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In Memoriam: Myron Strongin (1935 - 2013)
Senior Physicist Emeritus, Electron Spectroscopy
Fellow, American Physical Society
When Myron Strongin first came to the Lab, he helped establish the Cooperative Superconductivity Program, and his research focused on surface superconductivity and the study of ultra-thin films. This work led to the discovery at BNL of the insulator-superconductor transition in ultra-thin films -- the point at which a material changes from an insulator, which is a poor conductor of electricity, to a superconductor, which carries electric current with no resistance.
During the 1970s, Myron's work shifted to ultra-high vacuum techniques in a program to understand superconductivity at surfaces, as well as in ultra-thin films. This led to creating unique tools and equipment that were used to study surfaces of ultra-thin crystalline metal layers. Strongin was particularly interested in the surface properties of niobium. This research was relevant to understanding the performance of superconducting radio-frequency cavities, which was being studied in other parts of the Cooperative Superconductivity Program.
In the late 1970s and early 1980s, Myron Strongin and his collaborators started to investigate the absorption of hydrogen in metals. In the first experiments, they measured the hydrogen uptake rate through niobium surfaces. The uptake was surprisingly small, but adding a couple of palladium layers allowed the uptake of hydrogen into niobium. These were the first studies of tailored surfaces for hydrogen uptake, and a theoretical model was developed to explain how this happens.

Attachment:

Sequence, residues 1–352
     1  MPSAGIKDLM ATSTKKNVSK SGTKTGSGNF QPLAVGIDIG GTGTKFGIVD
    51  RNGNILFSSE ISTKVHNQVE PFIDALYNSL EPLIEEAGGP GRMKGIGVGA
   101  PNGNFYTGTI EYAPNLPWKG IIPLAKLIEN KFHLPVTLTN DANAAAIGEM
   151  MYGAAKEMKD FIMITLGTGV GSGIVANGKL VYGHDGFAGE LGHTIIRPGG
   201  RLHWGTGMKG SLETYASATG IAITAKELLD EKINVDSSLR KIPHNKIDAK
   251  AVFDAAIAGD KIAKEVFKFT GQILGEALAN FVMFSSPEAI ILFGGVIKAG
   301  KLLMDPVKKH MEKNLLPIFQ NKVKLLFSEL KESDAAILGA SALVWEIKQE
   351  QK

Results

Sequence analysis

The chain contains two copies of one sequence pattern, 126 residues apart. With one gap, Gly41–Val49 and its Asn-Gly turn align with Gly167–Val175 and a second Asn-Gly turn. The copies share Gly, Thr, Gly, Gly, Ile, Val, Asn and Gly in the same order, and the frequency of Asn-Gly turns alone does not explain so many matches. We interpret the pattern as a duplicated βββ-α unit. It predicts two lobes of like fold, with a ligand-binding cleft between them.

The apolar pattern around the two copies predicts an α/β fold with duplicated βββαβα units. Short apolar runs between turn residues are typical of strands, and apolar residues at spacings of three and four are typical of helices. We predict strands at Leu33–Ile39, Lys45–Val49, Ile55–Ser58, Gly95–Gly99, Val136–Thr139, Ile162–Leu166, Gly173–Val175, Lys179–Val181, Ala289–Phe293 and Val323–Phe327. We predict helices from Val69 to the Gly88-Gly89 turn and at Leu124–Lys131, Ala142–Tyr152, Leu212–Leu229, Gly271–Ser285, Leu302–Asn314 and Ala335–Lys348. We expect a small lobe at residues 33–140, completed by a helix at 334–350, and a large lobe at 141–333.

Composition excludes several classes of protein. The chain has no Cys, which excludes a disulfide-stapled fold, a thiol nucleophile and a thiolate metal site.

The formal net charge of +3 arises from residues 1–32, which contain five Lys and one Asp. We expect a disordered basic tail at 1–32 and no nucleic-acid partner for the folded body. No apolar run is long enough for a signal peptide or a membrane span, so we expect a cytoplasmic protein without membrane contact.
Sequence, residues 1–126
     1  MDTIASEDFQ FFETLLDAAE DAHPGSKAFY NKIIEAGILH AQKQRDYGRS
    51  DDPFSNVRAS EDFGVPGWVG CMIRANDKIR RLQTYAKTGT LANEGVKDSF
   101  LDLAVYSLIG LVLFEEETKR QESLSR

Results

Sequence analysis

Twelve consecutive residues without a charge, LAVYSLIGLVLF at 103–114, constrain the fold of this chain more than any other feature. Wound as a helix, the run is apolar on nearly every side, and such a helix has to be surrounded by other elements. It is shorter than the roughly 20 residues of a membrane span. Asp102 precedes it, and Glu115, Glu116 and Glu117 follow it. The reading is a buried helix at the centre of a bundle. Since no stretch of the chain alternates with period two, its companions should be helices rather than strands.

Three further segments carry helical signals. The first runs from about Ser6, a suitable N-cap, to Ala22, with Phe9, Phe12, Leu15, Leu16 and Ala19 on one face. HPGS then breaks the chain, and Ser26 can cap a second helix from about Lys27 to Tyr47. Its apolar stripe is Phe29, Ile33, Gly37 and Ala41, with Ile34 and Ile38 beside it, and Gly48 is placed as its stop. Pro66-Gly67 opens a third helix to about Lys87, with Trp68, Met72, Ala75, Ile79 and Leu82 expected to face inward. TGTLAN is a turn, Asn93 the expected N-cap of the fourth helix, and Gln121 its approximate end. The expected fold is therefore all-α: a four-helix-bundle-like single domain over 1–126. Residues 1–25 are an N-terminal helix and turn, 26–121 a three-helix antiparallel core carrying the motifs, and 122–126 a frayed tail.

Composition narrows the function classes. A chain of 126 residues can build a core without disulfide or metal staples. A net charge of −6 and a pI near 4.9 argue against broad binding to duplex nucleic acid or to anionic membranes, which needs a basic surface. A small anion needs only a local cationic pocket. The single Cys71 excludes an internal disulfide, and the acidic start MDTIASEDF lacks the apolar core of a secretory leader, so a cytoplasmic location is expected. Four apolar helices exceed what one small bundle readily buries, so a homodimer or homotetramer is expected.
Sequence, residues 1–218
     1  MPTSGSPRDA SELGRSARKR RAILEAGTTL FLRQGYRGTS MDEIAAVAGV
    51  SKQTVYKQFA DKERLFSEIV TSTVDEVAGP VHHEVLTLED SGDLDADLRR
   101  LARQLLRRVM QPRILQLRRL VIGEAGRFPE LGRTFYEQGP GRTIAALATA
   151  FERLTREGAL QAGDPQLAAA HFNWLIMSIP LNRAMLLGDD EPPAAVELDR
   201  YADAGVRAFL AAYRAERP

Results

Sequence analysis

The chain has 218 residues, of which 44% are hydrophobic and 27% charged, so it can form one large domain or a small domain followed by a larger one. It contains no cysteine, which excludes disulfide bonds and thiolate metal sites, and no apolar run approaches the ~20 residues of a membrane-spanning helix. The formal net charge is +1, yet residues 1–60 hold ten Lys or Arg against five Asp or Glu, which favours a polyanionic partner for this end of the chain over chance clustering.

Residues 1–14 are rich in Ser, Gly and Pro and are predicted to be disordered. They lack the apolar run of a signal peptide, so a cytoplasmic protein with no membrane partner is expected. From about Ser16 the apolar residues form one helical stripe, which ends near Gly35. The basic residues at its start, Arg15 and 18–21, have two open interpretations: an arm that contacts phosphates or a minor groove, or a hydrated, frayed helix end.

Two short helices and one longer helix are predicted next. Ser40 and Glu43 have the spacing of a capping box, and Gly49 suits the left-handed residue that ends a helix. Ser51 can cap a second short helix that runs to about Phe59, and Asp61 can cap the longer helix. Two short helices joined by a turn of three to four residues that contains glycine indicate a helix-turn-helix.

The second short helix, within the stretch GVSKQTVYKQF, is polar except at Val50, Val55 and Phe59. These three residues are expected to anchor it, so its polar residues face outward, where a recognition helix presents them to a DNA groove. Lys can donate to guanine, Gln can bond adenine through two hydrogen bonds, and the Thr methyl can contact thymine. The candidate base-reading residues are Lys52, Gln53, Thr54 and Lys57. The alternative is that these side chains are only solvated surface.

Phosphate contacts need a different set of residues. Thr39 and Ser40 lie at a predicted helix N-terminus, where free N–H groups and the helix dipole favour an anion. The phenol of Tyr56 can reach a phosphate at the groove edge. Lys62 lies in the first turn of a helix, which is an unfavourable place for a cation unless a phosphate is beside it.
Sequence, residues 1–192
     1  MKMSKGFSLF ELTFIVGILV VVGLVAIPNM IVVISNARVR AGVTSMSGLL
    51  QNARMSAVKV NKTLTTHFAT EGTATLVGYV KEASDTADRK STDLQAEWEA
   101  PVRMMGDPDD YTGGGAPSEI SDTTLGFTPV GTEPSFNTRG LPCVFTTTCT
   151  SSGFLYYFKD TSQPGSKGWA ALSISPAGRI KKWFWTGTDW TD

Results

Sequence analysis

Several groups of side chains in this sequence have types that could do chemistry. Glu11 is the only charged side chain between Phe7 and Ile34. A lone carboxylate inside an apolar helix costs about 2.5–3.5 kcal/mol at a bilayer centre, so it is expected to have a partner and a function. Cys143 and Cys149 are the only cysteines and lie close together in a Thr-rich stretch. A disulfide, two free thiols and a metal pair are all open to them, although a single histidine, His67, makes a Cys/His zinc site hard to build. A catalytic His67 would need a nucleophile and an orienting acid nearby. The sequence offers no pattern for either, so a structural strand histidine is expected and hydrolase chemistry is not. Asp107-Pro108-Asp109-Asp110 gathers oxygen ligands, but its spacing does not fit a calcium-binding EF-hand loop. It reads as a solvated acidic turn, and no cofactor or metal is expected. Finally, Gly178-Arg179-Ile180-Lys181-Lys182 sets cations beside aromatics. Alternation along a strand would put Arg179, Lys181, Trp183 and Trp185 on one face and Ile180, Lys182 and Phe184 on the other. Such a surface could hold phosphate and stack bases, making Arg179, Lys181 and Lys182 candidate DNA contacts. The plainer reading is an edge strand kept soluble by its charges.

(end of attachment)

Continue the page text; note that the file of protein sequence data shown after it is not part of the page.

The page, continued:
Also in the early 1980s, Myron Strongin was one of the first researchers to perform experiments at the ultraviolet ring of the National Synchrotron Light Source (NSLS). Then, after the discovery of high-temperature superconductors in 1986, Strongin and other BNL researchers used the NSLS to make some of the first photoemission measurements of high-temperature superconductors. Such measurements revealed information about the superconductors' electronic structure, and photoemission is still one of the most important measurements for understanding these superconductors.
In the mid 1990s, Strongin and BNL colleagues developed a proposal that led to a new initiative at the Lab to study the optical properties of high-temperature superconductors, and along with photoemission, transport measurements, neutron scattering, and theory, the program has made BNL one of the major centers for high-temperature superconductivity research.
Recently, Myron also played a supporting role in establishing BNL chemist Weiqiang Han's synthesis laboratory, and he worked with Han on studies of gold clusters on nanotubes. He has also been involved in developing a new program to study graphene, the world's thinnest material. Understanding the properties of graphene may make it possible to produce smaller, more efficient transistors.
After earning a B.S. in physics from Rensselaer Polytecnic Institute, Myron Strongin earned an M.S. and Ph.D., both in physics, from Yale University. After two years as a researcher at Massachusetts Institute of Technology Lincoln Laboratory, Strongin joined BNL's Physics Department in 1963, becoming a physicist in 1967 and a senior physicist in 1974.
Myron Strongin was Associate Chair of the Physics Department from 1986 to 1993, and he was head of the Solid State Physics Group from 1986 to 1995. He also served as an Associate Editor for the Physical Review from 1986 to 2004. Myron Strongin is a Fellow of the American Physical Society.
At the Lab, Strongin served for a decade on the Affirmative Action Committee in the 1990s, and he was a member of the Library Committee and Brookhaven Lecture Committee. Strongin retired from BNL in 2005, and served for two years as President of the Brookhaven Retired Employees Association.
Last modified: Monday, November 28, 2016 03:23 PM.